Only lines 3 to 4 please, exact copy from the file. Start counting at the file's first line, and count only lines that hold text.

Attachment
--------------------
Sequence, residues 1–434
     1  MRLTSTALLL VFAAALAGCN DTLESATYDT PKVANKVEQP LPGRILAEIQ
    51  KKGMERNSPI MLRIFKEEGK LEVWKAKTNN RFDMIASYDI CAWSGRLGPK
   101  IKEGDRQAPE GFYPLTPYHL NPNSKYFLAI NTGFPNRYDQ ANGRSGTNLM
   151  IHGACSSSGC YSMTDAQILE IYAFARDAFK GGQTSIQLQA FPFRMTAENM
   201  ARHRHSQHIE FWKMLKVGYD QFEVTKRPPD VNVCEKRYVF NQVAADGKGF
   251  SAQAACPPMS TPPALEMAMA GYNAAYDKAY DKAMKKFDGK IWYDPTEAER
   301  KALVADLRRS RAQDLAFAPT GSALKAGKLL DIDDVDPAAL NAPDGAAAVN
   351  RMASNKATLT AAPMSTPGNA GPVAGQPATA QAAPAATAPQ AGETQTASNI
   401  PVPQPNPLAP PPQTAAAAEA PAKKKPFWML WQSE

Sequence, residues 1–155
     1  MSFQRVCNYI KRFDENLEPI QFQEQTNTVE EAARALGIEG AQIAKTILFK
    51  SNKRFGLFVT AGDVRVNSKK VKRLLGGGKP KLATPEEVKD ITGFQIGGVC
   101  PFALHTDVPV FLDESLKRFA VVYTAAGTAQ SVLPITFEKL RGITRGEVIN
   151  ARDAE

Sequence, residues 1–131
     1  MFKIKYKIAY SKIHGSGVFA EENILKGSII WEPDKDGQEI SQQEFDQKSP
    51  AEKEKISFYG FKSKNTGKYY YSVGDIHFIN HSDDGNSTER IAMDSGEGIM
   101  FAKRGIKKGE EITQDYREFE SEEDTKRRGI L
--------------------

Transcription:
    51  KKGMERNSPI MLRIFKEEGK LEVWKAKTNN RFDMIASYDI CAWSGRLGPK
   101  IKEGDRQAPE GFYPLTPYHL NPNSKYFLAI NTGFPNRYDQ ANGRSGTNLM